You can’t see them in the picture, but there are three bumps on the surface that can be felt through my skin. Between these bumps is a penetrable film that self-seals as a needle is inserted. When inserted there is a tiny pinch compared to having an IV rammed into my arm. It is a much easier way to be treated with less likelihood of bruising and infection. Once inserted it gets tapped down so it doesn’t move around. The tube you see in the picture is used for the three hours I’m connected to IVI and later when I head home. There are a couple of different bags of medications. The first is a drug to reduce nausea, the second is to help my immune system, and the third is the chemotherapy drugs I get in the clinic. Every patient has a unique concoction and they are made the day before treatment in the hospital pharmacy. There have been years of research on chemotherapy drugs and my team has a protocol they followed to select my mix as it has a history of the greatest likelihood of successfully killing the kind of cancer I carry.
You might be tempted to think this sounds like a cure. That is not the case with my kind of cancer; esophageal which metastasized in my liver by either my blood stream or the lymphatic system. That means that cancer cells from my original tumour have invaded other organs. If successful, this chemo will slow the progress and add years to my life but I will never be able call myself a cancer survivor. My hope is that I tolerate it with minimal side effects so the quality of life remains close to normal. Only time will reveal that mystery.
Once I’m done in the chair I get to wave goodbye to IVI but I leave with a parting gift.
In the picture, you see a bottle about the size of small baby bottle. Inside there is a balloon which holds an additional chemo drug. It is attached to the Port-a-Cath and I wear it for the next 42 hours or so as it continues to drip a toxic mix into my blood stream. It is so toxic that Janet and I will not share our bathroom as all my body fluids are dangerous for her to touch. To be safe, I close the lid on the toilet before flushing to reduce any airborne poisons. We have a PPE bag for her to wear if I vomit and she feels compelled to clean it up. I still haven’t got an informed opinion whether I can vomit given I no longer have a stomach but I’m fine with never putting that to the test.
Already I’ve become super sensitive to cold. Anything I touch 6˚C or below makes my hands go numb. Anything in my mouth makes my tongue go numb. It is annoying but still a pretty minor side-effect.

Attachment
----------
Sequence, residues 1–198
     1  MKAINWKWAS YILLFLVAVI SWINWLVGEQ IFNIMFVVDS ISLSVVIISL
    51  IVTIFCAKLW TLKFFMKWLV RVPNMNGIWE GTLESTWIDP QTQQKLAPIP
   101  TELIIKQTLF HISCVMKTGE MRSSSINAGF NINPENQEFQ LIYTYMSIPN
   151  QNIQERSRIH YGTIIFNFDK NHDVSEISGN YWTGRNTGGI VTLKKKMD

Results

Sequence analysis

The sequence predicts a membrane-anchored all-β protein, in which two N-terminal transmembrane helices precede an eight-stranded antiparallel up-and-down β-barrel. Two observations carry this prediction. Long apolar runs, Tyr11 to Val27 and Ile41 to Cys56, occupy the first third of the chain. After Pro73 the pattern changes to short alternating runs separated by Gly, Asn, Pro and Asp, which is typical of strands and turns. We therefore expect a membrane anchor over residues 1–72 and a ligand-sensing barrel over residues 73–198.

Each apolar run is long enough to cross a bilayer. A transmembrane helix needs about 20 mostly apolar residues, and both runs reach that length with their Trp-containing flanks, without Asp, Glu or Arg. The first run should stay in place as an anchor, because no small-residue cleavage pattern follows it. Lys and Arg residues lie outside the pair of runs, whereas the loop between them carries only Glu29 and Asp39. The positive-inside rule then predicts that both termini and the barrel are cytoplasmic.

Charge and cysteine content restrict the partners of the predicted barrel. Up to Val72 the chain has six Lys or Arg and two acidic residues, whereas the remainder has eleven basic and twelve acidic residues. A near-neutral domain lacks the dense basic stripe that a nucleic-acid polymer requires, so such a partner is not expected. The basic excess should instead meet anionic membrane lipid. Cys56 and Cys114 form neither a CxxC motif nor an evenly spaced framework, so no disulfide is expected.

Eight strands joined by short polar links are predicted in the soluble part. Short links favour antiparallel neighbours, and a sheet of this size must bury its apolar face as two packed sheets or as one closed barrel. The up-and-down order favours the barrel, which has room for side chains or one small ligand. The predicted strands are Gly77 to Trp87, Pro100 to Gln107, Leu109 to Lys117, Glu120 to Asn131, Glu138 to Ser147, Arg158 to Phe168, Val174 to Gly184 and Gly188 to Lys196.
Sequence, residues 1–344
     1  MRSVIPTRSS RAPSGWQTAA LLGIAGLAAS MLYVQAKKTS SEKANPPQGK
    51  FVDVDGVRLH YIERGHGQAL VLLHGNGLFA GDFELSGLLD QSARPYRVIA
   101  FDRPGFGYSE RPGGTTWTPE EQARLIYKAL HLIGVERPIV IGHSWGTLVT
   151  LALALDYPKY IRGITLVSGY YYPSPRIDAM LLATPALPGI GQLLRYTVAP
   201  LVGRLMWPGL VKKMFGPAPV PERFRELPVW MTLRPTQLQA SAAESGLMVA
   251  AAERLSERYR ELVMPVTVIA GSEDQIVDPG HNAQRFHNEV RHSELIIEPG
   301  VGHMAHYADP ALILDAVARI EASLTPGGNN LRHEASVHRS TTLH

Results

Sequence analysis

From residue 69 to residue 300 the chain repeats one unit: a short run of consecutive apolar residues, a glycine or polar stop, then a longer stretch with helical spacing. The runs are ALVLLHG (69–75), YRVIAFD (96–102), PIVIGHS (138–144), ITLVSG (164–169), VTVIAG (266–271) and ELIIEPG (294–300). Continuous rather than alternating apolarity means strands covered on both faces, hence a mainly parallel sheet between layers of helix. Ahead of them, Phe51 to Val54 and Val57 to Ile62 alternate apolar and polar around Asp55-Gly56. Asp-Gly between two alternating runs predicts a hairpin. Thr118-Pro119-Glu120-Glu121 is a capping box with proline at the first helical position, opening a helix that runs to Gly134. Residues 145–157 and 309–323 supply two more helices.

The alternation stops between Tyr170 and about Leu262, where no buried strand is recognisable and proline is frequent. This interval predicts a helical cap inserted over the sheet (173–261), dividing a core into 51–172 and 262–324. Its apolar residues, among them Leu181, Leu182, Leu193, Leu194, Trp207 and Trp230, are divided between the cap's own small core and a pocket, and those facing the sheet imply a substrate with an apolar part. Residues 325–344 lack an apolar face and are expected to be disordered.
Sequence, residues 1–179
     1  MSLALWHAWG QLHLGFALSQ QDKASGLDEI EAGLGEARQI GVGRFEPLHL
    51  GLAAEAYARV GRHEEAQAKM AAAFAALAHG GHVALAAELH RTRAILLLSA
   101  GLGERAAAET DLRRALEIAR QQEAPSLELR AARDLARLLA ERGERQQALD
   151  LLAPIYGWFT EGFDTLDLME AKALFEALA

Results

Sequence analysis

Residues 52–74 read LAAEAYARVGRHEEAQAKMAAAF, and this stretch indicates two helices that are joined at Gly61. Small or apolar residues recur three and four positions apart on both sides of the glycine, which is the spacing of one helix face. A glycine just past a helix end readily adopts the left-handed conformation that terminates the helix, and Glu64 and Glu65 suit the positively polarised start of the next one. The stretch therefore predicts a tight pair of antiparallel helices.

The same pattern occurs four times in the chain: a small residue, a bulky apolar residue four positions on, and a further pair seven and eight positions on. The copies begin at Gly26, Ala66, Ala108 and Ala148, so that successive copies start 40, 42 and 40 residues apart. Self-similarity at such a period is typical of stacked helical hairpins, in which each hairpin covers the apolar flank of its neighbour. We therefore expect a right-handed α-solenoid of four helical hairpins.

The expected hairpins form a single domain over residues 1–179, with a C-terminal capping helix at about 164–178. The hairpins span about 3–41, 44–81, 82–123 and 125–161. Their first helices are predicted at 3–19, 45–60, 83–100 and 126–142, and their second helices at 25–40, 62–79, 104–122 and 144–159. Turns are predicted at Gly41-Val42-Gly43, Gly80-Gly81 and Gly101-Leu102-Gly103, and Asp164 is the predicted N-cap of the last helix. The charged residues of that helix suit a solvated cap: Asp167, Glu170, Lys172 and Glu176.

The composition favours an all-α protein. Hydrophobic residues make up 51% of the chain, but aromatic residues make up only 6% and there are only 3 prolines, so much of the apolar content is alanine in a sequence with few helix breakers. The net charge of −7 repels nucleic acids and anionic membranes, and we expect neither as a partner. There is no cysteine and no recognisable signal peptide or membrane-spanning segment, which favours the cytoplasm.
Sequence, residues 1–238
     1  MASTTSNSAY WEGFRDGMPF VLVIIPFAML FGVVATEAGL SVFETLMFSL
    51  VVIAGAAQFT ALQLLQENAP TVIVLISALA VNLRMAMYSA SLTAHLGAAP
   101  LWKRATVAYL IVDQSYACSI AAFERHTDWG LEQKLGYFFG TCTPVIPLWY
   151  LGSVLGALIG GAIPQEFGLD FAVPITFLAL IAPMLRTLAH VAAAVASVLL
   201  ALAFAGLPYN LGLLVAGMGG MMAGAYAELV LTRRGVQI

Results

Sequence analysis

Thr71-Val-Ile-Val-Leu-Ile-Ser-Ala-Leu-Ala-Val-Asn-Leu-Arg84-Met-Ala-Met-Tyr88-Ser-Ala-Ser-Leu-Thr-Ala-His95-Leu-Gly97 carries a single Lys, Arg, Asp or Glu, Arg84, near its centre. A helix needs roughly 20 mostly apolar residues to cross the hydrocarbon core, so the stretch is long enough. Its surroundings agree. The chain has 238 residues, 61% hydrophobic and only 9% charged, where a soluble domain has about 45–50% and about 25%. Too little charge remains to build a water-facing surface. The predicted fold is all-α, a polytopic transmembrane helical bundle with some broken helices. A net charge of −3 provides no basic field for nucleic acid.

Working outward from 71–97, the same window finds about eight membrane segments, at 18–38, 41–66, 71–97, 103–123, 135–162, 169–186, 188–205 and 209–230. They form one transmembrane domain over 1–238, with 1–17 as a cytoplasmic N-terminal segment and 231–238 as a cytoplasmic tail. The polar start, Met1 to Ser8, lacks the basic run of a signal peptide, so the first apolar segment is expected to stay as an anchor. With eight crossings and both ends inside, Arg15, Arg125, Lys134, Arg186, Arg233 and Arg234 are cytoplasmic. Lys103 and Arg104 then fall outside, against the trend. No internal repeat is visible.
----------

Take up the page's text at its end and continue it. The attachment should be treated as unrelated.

So I’m wearing a fashionable carry case for a couple of days which holds the chemo bottle. I’ll return to the Chemo clinic on Friday to have the needle removed from my Port-a-Cath. The balloon will be empty by then. If not, they’ll clear the lines in case it stopped flowing and wait until it empties. I hope this doesn’t happen as I plan to sail with Meredith (my oldest daughter) on Friday.
This Port-a-Cath is really brilliant technology. It will make my treatment so much more comfortable and I think it’s a requirement with a take-home version of a chemo plan.
I wish I could report I wore orange today with purpose. In fact I just like brighter colours and picked this one. When I was out and about I saw a lot of young people in particular wearing orange.
Clearly I should pay better attention. Today, Orange Shirt Day (September 30th) is a day when we honour the Indigenous children who were sent away to residential schools in Canada and learn more about the history of those schools.
I will do better next year. I plan to be here to do so.
Earlier this week in a meeting with my Chemotherapy Oncologist, Dr. Wojciech Morzycki, I learned that he plans to schedule a CAT Scan after three cycles. A cycle is comprised of three treatments over six weeks. Doing the math, this adds up to eighteen weeks. I’m at the end of two weeks so I have sixteen to go. My CAT Scan will be around January 6, 2021. This diagnostic provides a good look at the status of my cancer. My preference is that is shows lack of progress. Wouldn’t that be a great Christmas gift?
As always, as a support pillars you provide me deep resolve to put up a good fight. And with God holding my hand, I’ve got this.
Peace, Love and Laughter